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CITTA VIOLENTA

by oliver craner

Wednesday, December 31, 2008


László de Lombos, from Budapest via Paris, 1912.

László had not only painted the Austrian foreign secretary, Count Berchtold, regarded by many as responsible for the war; he had also been ennobled by Emperor Franz Josef in 1912. After warnings, he was arrested in the summer of 1917 and accused of making contact with the enemy by sending letters to his mother and brother. He was locked up in Brixton prison and Holloway internment camp as an enemy alien. He didn't sympathise with the enemy: the range of his sitters reveals his even-handedness. He was released due to ill-health, but was not vindicated until the summer of 1919. He had been unable to paint anyone outside his own family for two years.

Served fermented shark on bone china. Feet washed in crushed ice. Scalp massage with olive oil and surgical spirit. Travelled to take Mrs Edmund Buchanan, 1929. That painting of particular value to me, because of something about to be lost: by war, the occult and communism in accidental alliance. Everything, on the brink! Thence execute escape, underground and inconspicious, tossing bombs at carriages, blinded by vodka in Siberia.

posted by oc  # 8:29 AM

Saturday, December 20, 2008

'Inviting a friend to Supper', Ben Jonson.

Tonight, grave sir, both my poor house and I
Do equally desire your company;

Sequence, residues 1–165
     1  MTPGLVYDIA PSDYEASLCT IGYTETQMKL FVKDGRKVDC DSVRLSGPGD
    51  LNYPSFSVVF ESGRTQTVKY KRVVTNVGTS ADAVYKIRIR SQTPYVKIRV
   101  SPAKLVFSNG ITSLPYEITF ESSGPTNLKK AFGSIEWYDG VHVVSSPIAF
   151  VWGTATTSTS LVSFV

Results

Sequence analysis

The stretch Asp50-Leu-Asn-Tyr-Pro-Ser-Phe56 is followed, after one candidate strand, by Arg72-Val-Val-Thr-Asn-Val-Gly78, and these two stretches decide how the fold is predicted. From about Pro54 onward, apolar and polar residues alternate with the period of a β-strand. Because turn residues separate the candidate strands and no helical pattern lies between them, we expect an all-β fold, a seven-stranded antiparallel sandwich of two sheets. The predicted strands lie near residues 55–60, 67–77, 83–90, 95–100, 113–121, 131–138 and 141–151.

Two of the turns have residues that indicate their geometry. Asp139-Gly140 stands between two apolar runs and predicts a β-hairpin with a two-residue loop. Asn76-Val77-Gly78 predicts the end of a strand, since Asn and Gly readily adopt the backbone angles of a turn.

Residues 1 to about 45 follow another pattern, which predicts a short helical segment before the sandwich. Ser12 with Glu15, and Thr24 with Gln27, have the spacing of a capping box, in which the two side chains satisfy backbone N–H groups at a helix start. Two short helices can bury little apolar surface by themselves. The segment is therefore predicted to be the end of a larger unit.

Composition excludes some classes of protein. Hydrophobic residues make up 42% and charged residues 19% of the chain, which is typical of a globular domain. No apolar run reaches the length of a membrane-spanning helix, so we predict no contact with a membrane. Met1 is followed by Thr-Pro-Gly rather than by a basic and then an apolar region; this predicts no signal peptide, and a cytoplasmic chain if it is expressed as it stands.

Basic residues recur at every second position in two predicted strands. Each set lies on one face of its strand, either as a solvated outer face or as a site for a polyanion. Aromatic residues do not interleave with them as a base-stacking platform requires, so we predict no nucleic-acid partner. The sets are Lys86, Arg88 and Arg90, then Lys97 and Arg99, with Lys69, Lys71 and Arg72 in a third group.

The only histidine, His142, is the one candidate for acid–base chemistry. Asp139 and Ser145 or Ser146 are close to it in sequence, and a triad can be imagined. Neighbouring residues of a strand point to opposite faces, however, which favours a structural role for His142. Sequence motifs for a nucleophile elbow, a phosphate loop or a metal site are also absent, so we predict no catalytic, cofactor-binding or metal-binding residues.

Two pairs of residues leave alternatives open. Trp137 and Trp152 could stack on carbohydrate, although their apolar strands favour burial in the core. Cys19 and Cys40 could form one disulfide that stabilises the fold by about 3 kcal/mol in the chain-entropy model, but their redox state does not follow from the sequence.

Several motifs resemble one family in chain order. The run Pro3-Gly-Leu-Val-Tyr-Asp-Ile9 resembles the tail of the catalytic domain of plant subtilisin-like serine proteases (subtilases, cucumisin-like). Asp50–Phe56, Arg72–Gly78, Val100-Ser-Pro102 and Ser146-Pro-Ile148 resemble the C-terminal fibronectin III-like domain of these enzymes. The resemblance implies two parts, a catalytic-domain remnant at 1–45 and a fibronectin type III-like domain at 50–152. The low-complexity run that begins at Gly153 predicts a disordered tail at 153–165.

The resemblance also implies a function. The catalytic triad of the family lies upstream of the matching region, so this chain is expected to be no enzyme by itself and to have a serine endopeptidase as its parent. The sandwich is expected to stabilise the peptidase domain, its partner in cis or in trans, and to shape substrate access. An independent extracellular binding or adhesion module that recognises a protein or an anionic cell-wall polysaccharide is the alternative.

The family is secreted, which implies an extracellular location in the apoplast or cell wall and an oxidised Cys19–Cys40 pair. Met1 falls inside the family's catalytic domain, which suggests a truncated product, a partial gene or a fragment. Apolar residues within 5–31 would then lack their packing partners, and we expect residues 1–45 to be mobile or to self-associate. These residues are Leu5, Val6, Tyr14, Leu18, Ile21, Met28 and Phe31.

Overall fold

Not that we think us worthy such a guest,
But that your worth will dignify our feast
With those that come; whose grace may make that seem
Something, which else could hope for no esteem.
It is the fair acceptance, sir, creates
The entertainment perfect, not the cates.
Yet you shall have, to rectify your palate,
An olive, capers, or some better salad
Ushering the mutton; with a short-legged hen,
If we can get her, full of eggs, and then
Lemons, and wine for sauce; to these, a coney
Is not to be despaired of, for our money;
And though fowl now be scarce, yet there are clerks,
The sky not falling, think we may have larks.
I'll tell you of more, and lie, so you will come:
Of partridge, pheasant, woodcock, of which some
May yet be there; and godwit, if we can;
Knat, rail and ruff, too. Howsoe'er, my man
Shall read a piece of Virgil, Tacitus,
Livy, or of some better book to us,
Of which we'll speak our minds, amidst our meat;
And I'll profess no verses to repeat;
To this, if aught appear which I not know of,
That will the pastry, not my paper, show of.
Digestive cheese and fruit there sure will be;
But that which most doth take my muse and me
Is a pure cup of rich Canary wine,
Which is the Mermaid's now, but shall be mine;
Of which had Horace or Anacreon tasted,
Their lives, as do their lines, till now had lasted.
Tobacco, nectar, or the Thespian spring
Are all but Luther's beer to this I sing.
Of this we will sup free, but moderately;
And we will have no Poley or Parrot by;
Nor shall our cups make any guilty men,
But at our parting we will be as when
We innocently met. No simple word
That shall be uttered at our mirthful board
Shall make us sad next morning, or affright
The liberty that we'll enjoy tonight.

Reproduced in tribute to Jim Clarke, should he ever read this again: Thank you for bolognese and vats of Pinot.

posted by oc  # 12:07 PM

citta vecchio

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